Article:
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1/25/2018 7:38:29 AM
Posted: 3/3/2006 2:34:08 PM EST
I am going to a gun show next weekend looking for a GI M1 Carbine. I was wanting to know what to look for and what to advoid In the way of importers, brands ,years and so on. And what is far prices at a gun show for a good Carbine.
Thanks For any help
Link Posted: 3/3/2006 6:06:09 PM EST
I'm in the same boat. The only one thing I have heard is "stay away from Blue Sky stamped M1's".
Otherwise look at general condition of the gun. Look on CMP website, they list receiver manufactures. This will give you an idea as to who amnufactured M1 carbines.

Plainfield and Universal are civilian made. Plainfield uses USGI parts. Universal uses a funny made receiver that uses mostly thier own parts(they don't make them any more).

As for price, 400 to 650 seems to be the going price in my area. I have seen a plainfield for 325 from one dealer that I have dealed with. Looks unfired to me, so I may try to get it at the next show.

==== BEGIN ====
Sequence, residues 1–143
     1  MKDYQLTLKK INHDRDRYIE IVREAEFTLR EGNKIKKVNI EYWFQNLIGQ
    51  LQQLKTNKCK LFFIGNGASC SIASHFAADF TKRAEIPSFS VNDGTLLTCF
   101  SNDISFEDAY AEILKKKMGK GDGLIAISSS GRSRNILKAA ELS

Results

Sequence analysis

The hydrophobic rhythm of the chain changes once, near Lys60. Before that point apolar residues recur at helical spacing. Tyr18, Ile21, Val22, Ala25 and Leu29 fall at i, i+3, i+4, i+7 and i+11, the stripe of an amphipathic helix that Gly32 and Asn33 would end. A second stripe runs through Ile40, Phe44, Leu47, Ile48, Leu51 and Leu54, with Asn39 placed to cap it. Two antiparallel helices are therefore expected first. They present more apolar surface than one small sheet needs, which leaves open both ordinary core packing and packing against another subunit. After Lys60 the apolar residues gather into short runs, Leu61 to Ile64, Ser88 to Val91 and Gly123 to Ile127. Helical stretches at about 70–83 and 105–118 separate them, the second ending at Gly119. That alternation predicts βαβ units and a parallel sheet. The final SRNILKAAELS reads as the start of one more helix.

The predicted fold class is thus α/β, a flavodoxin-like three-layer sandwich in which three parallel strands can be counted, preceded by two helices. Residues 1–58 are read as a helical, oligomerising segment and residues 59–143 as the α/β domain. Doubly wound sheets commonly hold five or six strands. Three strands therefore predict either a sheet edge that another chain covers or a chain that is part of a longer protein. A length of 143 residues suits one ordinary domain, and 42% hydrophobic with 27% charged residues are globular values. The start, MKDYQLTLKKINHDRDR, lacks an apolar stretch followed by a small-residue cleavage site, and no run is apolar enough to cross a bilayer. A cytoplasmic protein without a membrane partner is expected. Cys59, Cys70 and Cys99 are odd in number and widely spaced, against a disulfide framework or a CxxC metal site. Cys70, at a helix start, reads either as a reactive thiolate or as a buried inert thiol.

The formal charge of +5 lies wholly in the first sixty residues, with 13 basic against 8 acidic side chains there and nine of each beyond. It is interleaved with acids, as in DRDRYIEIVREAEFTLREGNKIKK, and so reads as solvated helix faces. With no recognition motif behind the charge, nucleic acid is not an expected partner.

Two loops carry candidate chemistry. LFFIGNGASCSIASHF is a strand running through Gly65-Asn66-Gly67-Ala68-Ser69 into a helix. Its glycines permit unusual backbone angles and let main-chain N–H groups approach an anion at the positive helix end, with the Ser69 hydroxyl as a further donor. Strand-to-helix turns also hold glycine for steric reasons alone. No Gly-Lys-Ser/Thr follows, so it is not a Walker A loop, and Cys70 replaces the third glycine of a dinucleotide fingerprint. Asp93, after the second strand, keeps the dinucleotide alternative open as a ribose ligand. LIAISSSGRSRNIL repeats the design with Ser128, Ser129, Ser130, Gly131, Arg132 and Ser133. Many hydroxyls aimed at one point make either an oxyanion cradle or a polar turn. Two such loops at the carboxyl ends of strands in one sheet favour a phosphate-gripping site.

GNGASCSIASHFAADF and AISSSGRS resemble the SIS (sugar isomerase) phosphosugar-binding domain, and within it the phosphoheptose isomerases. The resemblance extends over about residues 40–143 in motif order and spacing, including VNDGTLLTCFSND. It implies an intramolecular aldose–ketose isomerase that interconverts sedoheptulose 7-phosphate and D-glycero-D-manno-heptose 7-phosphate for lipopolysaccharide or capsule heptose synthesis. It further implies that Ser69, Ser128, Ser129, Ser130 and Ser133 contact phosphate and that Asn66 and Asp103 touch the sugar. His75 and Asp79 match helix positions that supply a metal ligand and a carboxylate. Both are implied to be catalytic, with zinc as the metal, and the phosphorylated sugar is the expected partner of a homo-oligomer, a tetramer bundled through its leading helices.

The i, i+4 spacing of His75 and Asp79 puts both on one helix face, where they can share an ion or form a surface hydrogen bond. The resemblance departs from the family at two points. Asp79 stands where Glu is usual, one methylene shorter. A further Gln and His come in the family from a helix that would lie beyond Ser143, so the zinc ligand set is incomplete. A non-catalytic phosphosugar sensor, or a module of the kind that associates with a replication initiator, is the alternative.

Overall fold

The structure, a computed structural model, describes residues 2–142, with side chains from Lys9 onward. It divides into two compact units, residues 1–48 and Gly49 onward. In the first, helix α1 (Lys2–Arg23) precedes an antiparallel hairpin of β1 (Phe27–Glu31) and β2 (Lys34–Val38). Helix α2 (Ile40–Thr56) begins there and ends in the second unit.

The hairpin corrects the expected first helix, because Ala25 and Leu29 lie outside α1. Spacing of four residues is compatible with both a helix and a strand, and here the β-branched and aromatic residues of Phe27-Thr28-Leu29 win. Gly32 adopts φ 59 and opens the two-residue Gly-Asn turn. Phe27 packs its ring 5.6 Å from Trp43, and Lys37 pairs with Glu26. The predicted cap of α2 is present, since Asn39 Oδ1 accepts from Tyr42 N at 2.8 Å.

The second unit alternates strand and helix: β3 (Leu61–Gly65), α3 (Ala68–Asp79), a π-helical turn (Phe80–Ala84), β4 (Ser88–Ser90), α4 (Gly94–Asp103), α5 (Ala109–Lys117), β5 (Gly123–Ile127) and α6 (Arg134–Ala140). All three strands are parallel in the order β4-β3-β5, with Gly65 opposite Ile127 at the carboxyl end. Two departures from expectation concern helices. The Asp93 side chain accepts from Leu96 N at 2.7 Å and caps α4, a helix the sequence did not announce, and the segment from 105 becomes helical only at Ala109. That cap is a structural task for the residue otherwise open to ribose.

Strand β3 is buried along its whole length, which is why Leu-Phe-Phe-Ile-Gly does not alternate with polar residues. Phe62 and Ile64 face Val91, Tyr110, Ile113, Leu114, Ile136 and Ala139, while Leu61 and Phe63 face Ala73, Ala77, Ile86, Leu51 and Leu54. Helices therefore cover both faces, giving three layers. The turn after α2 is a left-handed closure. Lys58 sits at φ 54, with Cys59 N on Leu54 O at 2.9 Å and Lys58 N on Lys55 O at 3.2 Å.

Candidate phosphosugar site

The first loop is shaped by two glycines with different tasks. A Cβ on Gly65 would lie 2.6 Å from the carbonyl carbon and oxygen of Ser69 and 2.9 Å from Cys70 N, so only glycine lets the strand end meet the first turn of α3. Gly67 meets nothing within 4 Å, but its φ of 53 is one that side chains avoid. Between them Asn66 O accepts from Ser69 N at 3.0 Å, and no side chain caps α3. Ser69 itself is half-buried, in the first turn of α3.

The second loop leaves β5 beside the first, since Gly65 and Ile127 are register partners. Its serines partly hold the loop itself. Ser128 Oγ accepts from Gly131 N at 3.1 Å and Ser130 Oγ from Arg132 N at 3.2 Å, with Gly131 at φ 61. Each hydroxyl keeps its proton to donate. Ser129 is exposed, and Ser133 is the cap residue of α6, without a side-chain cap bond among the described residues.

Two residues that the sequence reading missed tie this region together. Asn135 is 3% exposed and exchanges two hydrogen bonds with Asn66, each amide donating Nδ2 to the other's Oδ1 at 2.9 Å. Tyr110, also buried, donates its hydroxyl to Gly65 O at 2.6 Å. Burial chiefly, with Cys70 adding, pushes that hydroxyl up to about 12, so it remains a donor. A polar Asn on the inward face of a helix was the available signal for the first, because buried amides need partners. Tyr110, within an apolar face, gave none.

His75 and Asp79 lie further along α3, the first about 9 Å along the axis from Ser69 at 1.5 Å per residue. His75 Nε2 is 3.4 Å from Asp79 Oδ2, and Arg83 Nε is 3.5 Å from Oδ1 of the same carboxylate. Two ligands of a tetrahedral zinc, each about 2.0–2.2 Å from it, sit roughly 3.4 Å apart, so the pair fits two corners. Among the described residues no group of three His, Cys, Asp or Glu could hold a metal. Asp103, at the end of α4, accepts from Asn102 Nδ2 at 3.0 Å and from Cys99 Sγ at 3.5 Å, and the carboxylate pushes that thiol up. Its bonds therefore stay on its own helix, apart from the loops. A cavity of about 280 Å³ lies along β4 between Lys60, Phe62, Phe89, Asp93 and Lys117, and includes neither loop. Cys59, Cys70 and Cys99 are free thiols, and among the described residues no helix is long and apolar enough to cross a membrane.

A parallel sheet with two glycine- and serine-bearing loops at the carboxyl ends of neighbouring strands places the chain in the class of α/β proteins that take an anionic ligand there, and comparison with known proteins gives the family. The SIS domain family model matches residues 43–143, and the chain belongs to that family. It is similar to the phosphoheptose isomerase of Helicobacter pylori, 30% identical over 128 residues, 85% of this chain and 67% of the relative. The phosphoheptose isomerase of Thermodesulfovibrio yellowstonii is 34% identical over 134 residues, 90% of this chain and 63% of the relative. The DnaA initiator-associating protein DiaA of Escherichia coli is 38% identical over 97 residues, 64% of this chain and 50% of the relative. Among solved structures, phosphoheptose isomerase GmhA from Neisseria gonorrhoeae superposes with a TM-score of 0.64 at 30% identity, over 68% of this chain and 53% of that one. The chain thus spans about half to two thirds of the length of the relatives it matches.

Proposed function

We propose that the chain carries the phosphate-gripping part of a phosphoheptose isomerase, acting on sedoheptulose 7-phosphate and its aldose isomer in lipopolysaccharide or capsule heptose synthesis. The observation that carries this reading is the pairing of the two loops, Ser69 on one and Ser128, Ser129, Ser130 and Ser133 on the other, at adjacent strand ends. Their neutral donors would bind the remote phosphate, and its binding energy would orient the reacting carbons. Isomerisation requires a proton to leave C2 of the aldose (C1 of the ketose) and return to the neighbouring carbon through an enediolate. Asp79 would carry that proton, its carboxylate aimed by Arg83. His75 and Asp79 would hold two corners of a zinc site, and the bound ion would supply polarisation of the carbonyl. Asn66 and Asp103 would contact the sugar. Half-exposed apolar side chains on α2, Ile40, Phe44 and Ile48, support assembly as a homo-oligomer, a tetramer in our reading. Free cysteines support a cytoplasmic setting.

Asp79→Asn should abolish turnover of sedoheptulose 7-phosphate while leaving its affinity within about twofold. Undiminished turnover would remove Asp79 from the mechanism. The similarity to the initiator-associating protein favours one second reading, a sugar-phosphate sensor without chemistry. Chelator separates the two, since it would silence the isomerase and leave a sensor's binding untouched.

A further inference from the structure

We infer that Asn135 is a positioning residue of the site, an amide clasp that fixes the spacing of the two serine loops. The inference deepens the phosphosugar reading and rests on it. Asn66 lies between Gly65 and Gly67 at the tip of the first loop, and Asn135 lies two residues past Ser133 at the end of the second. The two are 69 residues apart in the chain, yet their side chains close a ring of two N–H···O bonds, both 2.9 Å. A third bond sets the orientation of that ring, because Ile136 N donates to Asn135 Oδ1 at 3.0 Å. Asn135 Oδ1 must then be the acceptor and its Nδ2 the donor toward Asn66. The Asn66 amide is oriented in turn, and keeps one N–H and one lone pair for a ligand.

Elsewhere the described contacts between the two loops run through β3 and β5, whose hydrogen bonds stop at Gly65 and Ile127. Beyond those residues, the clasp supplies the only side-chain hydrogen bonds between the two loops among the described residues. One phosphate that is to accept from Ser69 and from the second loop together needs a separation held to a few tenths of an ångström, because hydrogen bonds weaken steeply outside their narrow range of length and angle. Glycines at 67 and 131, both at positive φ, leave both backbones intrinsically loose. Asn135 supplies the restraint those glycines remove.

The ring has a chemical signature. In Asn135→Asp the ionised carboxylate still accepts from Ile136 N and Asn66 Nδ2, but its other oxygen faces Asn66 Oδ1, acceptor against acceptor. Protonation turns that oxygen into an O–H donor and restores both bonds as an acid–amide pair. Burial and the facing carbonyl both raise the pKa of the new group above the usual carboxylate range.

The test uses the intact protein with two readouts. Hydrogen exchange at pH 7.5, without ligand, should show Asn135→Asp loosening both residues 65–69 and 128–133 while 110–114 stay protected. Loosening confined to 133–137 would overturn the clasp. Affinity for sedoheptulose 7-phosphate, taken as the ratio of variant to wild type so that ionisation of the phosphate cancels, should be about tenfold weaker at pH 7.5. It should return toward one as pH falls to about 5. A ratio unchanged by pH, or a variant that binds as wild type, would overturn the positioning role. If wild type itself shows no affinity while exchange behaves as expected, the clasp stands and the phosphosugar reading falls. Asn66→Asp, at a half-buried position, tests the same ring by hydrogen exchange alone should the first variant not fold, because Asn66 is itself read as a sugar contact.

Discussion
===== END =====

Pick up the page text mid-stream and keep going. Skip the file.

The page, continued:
Look on the auction sites to get a general idea on price. It's going to be a balance between maker-condition-price.

Hope this helps.
Link Posted: 3/4/2006 6:49:47 AM EST
Link Posted: 3/4/2006 9:46:56 AM EST

Originally Posted By raf:
Quick-and-dirty answer: Go to the bookseller's table and get a copy of. "US M1 Carbines (Wartime Production)" by Craig Reisch, published by North Cape Publications. Best small, one volume handbook for the prospective buyer. The "Warbaby" two volume series is much deeper, and obviously more expensive. Scott Duff's "M1 Carbine Owner's Guide", available from Fulton Armory is essential for the owner, less so for the buyer.
In the meantime, go to www.jouster.com and read up.

FWIW, the M1 Carbine, with a few exceptions for genuine collectors specimens, has long since passed the point where most specimens represent a fair value for the money spent. YMMV.

A big +1 on that.
Link Posted: 3/4/2006 4:46:34 PM EST
I have 5 of them 4 GI and a Universal. The Blue Sky don't buy is somewhat of an urban legend. Very few carbines were actually harmed by the stamping. I have a Blue Sky Winnie that is a great and accurate carbine. When you find one take a bore light and look at the bore, it will usually be fine. My best carbine is a perfect National Postal Meter that I got from a dead Colonel's estate sale. Go to CSP Gun talk and join the Carbine Collector's Association.
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